A medication commonly given to stop the spread of prostate cancer in men showed promise in slowing memory loss in women with early to mid-stage Alzheimer’s disease. The drug, known as Lupron Depot (or lepuprolide acetate), alters the production of sex hormones such as testosterone and estrogen.
“This is the first time any therapy has been shown to stabilize memory loss over a year,” said Dr. Craig Atwood, co-lead author of the study and associate professor of medicine at the University of Wisconsin School of Medicine and Public Health in Madison.
But the study, published in the Journal of Alzheimer’s Disease, was small and preliminary. More testing is needed to determine whether Lupron might be beneficial as an Alzheimer’s treatment. The drug can also have serious side effects, including bone pain, hot flashes and weight gain. Over time, the effects of the drug may increase the likelihood of heart disease, diabetes and stroke.
Many drugs that show promise in initial trials turn out not to work when they are tested in larger numbers of people — and ultimately are shown to do more harm than good. More funding is urgently needed to spur the development of new and more effective treatments for Alzheimer’s.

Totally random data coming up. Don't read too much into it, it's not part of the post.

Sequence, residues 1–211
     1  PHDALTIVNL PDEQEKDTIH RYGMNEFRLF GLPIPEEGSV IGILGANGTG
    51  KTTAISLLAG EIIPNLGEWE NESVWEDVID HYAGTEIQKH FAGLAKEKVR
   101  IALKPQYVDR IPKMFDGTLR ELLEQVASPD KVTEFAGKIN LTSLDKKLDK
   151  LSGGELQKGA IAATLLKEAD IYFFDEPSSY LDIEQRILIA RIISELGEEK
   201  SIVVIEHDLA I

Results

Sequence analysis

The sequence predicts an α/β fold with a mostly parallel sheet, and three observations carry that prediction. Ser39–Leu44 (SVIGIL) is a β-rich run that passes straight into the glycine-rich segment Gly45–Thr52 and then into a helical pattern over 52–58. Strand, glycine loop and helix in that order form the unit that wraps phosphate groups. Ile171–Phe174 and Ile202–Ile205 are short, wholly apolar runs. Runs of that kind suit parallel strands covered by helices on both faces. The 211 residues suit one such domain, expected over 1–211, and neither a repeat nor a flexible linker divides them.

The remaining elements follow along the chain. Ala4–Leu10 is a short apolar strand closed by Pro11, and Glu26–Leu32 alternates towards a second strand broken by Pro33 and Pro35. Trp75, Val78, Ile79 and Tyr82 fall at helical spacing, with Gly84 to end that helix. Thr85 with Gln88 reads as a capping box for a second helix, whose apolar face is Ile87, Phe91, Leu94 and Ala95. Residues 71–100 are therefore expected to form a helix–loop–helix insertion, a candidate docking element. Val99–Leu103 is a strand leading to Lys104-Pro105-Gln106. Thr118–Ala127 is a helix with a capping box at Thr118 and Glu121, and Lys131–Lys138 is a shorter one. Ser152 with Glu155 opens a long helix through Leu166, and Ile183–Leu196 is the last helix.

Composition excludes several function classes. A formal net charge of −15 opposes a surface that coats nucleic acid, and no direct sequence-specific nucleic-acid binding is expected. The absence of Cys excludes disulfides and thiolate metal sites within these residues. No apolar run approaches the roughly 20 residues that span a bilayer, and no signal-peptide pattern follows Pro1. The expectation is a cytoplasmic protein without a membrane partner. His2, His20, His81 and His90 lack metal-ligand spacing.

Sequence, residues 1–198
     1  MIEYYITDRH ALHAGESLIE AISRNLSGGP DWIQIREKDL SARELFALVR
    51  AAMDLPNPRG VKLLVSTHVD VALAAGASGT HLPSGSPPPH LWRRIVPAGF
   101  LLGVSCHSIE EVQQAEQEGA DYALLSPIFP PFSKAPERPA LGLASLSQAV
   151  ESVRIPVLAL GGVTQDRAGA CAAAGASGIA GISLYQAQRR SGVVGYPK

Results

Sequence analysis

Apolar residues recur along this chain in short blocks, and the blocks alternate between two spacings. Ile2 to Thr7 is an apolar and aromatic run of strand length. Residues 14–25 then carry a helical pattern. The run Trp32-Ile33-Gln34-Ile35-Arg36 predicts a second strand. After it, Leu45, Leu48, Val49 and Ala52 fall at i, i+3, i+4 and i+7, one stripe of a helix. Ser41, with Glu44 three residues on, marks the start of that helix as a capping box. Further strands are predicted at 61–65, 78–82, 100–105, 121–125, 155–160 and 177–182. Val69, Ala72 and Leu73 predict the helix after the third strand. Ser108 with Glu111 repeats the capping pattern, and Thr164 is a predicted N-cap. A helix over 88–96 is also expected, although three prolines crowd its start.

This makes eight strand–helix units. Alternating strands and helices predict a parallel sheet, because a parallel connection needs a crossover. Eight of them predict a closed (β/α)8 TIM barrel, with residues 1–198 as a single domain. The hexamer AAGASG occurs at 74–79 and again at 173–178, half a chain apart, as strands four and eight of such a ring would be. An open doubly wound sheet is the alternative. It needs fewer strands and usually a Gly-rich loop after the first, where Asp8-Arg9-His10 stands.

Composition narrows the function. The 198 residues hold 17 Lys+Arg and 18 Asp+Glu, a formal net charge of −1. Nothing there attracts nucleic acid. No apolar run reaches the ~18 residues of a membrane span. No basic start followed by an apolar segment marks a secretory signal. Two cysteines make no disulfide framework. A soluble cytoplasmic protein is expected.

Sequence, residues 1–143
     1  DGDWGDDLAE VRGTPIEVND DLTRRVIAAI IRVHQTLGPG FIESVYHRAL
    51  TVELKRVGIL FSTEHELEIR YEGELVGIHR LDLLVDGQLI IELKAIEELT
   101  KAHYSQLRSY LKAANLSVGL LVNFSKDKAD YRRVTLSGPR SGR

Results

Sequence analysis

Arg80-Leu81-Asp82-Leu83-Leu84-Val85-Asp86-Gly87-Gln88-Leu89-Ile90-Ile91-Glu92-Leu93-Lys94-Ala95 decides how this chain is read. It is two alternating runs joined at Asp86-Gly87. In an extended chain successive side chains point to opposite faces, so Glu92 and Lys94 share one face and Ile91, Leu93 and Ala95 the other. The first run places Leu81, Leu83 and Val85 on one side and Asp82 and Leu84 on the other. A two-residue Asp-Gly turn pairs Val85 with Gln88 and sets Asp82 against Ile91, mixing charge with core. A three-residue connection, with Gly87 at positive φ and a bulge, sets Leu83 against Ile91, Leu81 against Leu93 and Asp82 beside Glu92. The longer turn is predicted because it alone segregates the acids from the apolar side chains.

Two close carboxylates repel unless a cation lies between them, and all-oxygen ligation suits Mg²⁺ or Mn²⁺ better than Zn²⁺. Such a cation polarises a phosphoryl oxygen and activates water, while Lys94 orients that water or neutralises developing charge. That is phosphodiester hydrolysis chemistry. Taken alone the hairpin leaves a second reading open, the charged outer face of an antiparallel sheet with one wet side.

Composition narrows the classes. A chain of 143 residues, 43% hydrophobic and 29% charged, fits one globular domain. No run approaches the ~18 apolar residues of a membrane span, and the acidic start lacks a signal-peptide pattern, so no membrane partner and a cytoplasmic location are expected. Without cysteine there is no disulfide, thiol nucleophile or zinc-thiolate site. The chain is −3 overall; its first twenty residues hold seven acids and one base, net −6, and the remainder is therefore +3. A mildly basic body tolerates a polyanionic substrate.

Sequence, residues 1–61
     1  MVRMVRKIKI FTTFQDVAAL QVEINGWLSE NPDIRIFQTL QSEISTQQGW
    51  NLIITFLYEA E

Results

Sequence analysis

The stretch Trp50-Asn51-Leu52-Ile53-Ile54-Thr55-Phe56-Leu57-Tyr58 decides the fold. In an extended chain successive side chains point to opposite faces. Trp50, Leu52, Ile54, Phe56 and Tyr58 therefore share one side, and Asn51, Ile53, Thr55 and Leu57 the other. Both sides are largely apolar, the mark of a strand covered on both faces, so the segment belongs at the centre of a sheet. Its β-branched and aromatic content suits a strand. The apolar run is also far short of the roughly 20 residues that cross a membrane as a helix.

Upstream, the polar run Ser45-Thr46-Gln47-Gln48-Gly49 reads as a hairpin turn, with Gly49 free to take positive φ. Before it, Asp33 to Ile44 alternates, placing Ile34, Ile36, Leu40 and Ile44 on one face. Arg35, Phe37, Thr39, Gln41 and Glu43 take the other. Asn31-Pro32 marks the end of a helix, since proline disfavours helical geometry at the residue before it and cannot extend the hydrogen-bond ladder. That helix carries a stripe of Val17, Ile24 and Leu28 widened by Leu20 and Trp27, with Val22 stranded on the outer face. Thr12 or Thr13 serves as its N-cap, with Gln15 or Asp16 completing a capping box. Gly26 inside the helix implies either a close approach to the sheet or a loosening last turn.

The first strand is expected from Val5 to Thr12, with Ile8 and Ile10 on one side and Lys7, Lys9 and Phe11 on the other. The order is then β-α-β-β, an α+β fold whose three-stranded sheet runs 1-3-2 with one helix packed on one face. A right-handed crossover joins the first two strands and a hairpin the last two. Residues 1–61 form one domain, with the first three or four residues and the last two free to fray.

For the study, researchers enrolled 109 women, aged 65 and older, who had mild to moderate Alzheimer’s disease. All were given an established Alzheimer’s drug, such as Aricept (donepezil). Such drugs may ease symptoms for a time but do not stop the downward progression of disease.
Over the next 48 weeks, the women continued to take Aricept or a similar drug. But some got injections of Lupron at a low dose (11.25 milligrams of leuprolide) every 12 weeks, while others received a high dose (22.5 milligrams). A third group received “dummy” placebo injections.
Researchers were interested in giving the women Lupron Depot because in some earlier studies, men who were taking the drug for prostate cancer were less likely to develop Alzheimer’s disease. The drug is also sometimes given to women with breast cancer or with endometriosis.
The study found that after a year, women treated with both Aricept and high doses of Lupron had almost no deterioration in memory and thinking skills, as assessed by memory testing. Those taking Aricept and low doses of Lupron showed only slight deterioration, while the memories of those receiving placebo injections continued to decline.
“This promising combination therapy warrants testing in early and late stages of Alzheimer’s disease,” Dr. Atwood said. However, he notes, the company that conducted the study, Voyager Pharmaceutical Corporation, is no longer in business. Without funding, “it remains to be seen whether this therapy will ever be tested in further clinical trials and reach the market,” he said.
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